3. Winter Bonus – If you’re trying to avoid dressing your baby in bulky winter wear while strapped into the car seat, there are lots of covers for infant car seats that let you ensure baby’s warmth and optimum safety.

With time and experience, we figured out what worked best for us and what didn’t. Here’s what we did not like about our infant car seat:

  1. Heavy – There are lots of different ergonomic handle designs and arm pads you can attach, but all infant car seats are bulky, heavy, and hard to carry – it’s why they’re so safe. Remember, even the lightest car seat won’t be light once your baby is inside – and babies put on weight so fast! I dreaded carrying it just from our house to the car.
  2. Short Lifespan – Even though our daughter was a tiny thing, she couldn’t use her infant car seat for more than a year (and even if she could have fit, she really began to hate being so reclined – she wanted to see the world, look out the windows, etc.). I have noticed some new infant-style car seats with fancy multi-position bases that allow you to use them rear facing up until age 2 (or the seat’s height and weight limits) like the Graco SnugRide Click Connect 40 Infant Car Seat. It’s pretty amazing but still requires you to get a new seat after 2 years instead of 1.
  3. Expensive (comparably) – Our Graco Snugride 32 retailed for approximately $150. After one year we had to buy a second toddler car seat which retailed about $300 (we bought it for less on Amazon though). Luckily, our toddler car seat (more about it below) is a convertible seat and can also be used as a booster later (up to 120 lbs), so we won’t have to buy her anything else in this department.
  4. Little Resale Value – Most experts advise against buying used car seats so you may not have many takers if you try to resell (or they’ll want a steep discount… like they’ll give you $20). It is wise advice though because car seats that have been in a car accident may have hidden damage and no longer offer adequate protection. Car seats also have expiration dates because over time the plastic can weaken and safety standards can change. When you’re dealing with something that could mean the difference between life and death for your child, it just isn’t worth it. I recommend taking your infant car seat into a Babies R Us during one of their Great Trade-In Events. From the company’s website: “The Great Trade-in Event places an emphasis on specific baby products, such as cribs and car seats that, due to safety concerns, may not be the best candidates to be handed down or resold.” At least you get 25% off something new that way!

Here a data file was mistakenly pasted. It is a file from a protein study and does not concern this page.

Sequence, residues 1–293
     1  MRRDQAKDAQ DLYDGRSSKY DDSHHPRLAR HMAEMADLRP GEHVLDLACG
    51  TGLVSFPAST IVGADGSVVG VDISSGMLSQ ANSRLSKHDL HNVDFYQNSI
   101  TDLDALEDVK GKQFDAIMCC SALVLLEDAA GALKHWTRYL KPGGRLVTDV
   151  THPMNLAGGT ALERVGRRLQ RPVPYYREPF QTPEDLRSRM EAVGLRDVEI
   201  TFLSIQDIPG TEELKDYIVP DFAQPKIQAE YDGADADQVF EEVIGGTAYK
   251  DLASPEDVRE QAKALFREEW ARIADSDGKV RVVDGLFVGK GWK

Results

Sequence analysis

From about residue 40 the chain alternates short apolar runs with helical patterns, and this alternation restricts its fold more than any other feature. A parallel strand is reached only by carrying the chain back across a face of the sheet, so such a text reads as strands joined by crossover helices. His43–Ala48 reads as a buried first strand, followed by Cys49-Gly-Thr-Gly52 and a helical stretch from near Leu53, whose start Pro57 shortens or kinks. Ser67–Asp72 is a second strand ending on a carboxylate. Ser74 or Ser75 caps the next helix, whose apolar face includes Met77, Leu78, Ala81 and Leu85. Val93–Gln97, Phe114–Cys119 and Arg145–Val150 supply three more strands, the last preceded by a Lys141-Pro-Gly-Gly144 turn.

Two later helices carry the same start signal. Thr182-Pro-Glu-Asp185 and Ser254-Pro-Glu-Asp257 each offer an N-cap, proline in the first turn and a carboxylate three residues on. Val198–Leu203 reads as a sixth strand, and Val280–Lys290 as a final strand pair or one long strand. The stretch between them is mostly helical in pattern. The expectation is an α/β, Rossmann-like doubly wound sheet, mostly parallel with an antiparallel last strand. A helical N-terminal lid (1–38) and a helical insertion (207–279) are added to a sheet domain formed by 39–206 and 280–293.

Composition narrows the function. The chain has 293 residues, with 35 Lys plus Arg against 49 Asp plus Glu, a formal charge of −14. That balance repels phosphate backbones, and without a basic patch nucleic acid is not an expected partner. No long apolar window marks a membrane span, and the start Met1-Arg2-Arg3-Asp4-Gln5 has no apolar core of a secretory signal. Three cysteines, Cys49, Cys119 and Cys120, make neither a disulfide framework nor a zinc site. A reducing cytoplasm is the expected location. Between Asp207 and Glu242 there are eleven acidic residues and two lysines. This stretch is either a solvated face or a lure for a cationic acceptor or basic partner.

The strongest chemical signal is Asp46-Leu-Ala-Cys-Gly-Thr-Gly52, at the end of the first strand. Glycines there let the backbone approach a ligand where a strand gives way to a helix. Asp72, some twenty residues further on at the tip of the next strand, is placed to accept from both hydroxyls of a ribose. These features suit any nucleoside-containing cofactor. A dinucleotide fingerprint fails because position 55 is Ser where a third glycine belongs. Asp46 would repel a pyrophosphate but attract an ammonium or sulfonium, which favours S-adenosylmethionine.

Diono Radian RXT

Diono Radian RXT

So, as you probably guessed, we did not buy an infant car seat for our second baby. We were actually so pleased with O’s toddler car seat, the Diono Radian RXT (formerly Sunshine Kids), that, seeing the acceptable weight range started at 5 pounds, we just started him out in the same model his sister loves. We’re done buying car seats for his whole car-seat-needing life!

To be honest, there have been many times I’ve wished I didn’t have to unstrap Number 2 to take him out of the car, knowing he’d wake up the minute I did. But there’s no guarantee he would have stayed blissfully asleep in his car seat like his sister used to either. So, no regrets. We upgraded to a 4 door family car a while ago (thank god), so buckling baby into his seat no longer involves folding myself into origami (the infant car seat was so annoying to carry, we sometimes left it in the car). And, as with my first, I prefer baby wearing (Baby K’Tan shout-out!) to using a stroller while they’re tiny anyway.

If you do decide to start your newborn in an all-in-one convertible car seat like we did, there are more and more appearing on the market now (like the Graco Smart Seat All-in-One Convertible Car Seat) so you’ll have a lot of choices. But, before you start shopping, I have to mention a few extra things about the Diono Radian RXT car seat that we really loved:

  1. The Diono Radian RXT can be rear-facing up to 45 lbs which makes it the highest rear-facing seat available in the US. That’s nothing to sneeze at. (heh, who says that anymore?) According to this article on CNN from Parenting.com, a study “found that children under age 2 are 75 percent less likely to die or to be severely injured in a crash if they are rear-facing. Another study found riding rear-facing to be five times safer than forward-facing.” And just so we’re all clear, I hope everyone knows that the American Academy of Pediatrics (AAP) now recommends that all children be rear-facing until age 2 (or until they reach the maximum height and weight for their car seat). In her Diono, our daughter O was happy rear-facing until almost 3 years old – seriously, leg squish was not a problem.